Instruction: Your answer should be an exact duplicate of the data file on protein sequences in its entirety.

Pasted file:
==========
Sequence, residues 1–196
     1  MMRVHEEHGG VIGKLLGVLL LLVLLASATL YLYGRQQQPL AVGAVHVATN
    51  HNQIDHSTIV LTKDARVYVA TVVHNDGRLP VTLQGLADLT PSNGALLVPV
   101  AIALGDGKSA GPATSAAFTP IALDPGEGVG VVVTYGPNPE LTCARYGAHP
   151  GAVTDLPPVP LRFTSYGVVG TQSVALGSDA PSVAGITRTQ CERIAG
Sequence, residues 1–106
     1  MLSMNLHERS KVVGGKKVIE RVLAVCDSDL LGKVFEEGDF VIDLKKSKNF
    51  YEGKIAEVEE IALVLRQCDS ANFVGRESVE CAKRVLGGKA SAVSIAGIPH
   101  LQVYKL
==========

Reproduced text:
Sequence, residues 1–196
     1  MMRVHEEHGG VIGKLLGVLL LLVLLASATL YLYGRQQQPL AVGAVHVATN
    51  HNQIDHSTIV LTKDARVYVA TVVHNDGRLP VTLQGLADLT PSNGALLVPV
   101  AIALGDGKSA GPATSAAFTP IALDPGEGVG VVVTYGPNPE LTCARYGAHP
   151  GAVTDLPPVP LRFTSYGVVG TQSVALGSDA PSVAGITRTQ CERIAG
Sequence, residues 1–106
     1  MLSMNLHERS KVVGGKKVIE RVLAVCDSDL LGKVFEEGDF VIDLKKSKNF
    51  YEGKIAEVEE IALVLRQCDS ANFVGRESVE CAKRVLGGKA SAVSIAGIPH
   101  LQVYKL